It’s “funny.” I was writing these poems that take a surreal and darkly comical look at the role “white” liberal and neoliberal sensitivity, indifference, meritocracy, etc. plays in maintaining a lot of the attitudes that buoy the institution that kill and defraud blk Americans. (I had given up on treating the people who consciously understand themselves as racist or “white” supremacist as a worthwhile audience). And this was before Donald Trump was even in the 2016 presidential race. It was a safe assumption at that time that Hillary Clinton would win, and I was thinking that no one is really going to care about police violence and various other forms of dehumanizing and disenfranchising blkness once Hillary Clinton is president. (Democrats tend to metabolize blk votes and voters into forgetfulness.) So I was writing all these poems that I was confident would not find a sincere audience. Then Trump started happening (although the GOP had been priming their base for the arrival of a “white” nationalist populist for years), and suddenly a lot of the covert and subconscious opinions and attitudes that those poems were speaking to were becoming, through Trump, very overt and normalized. And I guess that I believed there were always enough “good white people” to resist the worst of the racist American agenda, but after watching the “good white people”—and women in particular—allow this man and his strategists to take the White House, I realized that I couldn’t allow myself to hold out hope in the support or comradery of “good white people” anymore. The moment of revelation is why the book is titled “Anagnorisis”—i.e. that moment in a tragedy when the hero comes to recognize the nature of his predicament and the depth of his vulnerability. So the book covers that period of recognition—not just for myself but for the country—between the mobilized resentment of Barack Obama and the sycophantic embrace of Trump. And between those two, I took my second trip to China and while abroad was forced to process my American privilege at the same time that I was feeling particularly vulnerable as blk person in America. It’s a somewhat impatient book—impatient with the sensibilities of Caucasian people we’ve been waiting to play their part in the antiracist cause—but out of that impatience comes a necessary directness (I think, I hope) and frankness.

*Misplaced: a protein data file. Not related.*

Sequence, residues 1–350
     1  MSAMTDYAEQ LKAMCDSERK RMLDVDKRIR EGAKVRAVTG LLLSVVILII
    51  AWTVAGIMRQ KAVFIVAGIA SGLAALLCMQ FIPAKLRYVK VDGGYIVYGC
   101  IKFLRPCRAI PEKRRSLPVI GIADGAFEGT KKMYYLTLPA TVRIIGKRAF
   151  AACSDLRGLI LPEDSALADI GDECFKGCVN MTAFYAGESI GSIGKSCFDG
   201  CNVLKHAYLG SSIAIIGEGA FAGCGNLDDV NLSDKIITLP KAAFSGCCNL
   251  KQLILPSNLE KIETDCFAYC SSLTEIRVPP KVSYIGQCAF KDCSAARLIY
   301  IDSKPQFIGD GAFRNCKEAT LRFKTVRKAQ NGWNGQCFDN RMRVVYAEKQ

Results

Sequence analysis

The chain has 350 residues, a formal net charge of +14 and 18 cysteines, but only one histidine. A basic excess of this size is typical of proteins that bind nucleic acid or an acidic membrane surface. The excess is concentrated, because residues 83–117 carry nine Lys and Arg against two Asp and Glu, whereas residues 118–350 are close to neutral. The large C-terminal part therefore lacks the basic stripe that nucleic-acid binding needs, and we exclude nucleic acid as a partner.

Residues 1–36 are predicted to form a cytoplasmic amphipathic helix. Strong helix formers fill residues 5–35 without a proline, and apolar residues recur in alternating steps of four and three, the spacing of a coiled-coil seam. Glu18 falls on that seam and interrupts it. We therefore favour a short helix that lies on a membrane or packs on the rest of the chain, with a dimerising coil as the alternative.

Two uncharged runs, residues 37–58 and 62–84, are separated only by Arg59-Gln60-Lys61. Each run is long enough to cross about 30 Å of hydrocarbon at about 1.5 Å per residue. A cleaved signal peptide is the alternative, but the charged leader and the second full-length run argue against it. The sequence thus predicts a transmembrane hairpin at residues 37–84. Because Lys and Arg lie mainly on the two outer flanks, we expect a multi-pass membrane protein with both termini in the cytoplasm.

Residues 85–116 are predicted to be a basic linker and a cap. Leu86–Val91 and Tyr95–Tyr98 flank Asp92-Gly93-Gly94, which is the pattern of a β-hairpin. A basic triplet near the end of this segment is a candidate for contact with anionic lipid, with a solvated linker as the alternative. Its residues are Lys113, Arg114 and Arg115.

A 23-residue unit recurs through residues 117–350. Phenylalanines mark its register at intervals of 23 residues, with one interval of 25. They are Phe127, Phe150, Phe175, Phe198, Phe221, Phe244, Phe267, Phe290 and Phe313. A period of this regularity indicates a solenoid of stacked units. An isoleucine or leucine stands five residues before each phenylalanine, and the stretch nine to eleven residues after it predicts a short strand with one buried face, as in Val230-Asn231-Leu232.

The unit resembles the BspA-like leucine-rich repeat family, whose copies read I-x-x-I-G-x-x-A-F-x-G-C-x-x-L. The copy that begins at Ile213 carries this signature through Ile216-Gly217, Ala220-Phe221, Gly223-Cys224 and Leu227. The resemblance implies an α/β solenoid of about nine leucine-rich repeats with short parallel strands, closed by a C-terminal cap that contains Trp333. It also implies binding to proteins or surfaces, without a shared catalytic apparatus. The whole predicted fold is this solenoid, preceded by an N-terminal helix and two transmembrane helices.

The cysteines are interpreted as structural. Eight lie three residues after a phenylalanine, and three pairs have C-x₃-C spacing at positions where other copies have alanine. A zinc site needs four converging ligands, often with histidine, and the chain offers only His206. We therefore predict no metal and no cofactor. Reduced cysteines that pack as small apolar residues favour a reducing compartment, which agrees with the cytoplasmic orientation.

4. Is there a generative prompt, practice or ritual that you find particularly helpful, or that you would recommend to students, friends, or other poets?
Well, one thing I like to do with new workshops is what I call an internal identity forum. So I know I just talked a lot about my own vulnerability as a blk American, but I also have to recognize that I possess a lot of relative privilege too (as a cis male, as a heterosexual, as an able-bodied person, a college graduate, etc.)
So the way it works as a writing exercise is that you make a fairly exhaustive list of the different layers of your identity throughout your life. (So mine might look like: College Professor, Blk Male, Poorer Kid, Middle-Class Adult, Artist, Newark-Born, D.C. Resident, Catholic-Educated, AME-Raised, etc.) Once you do that, you separate the identities into two categories—ones in which you feel most powerful or secure and ones in which you feel most vulnerable. Lastly, you choose one from each list and then put them into conversation. (And if you want to make it really challenging, you put the one in which you feel most powerful in conversation with the one in which you feel most vulnerable.) What would they say to one another, or what would one say to the other in the form of an address or letter?
It may not turn into a proper poem, but it may illuminate something that will turn into a poem.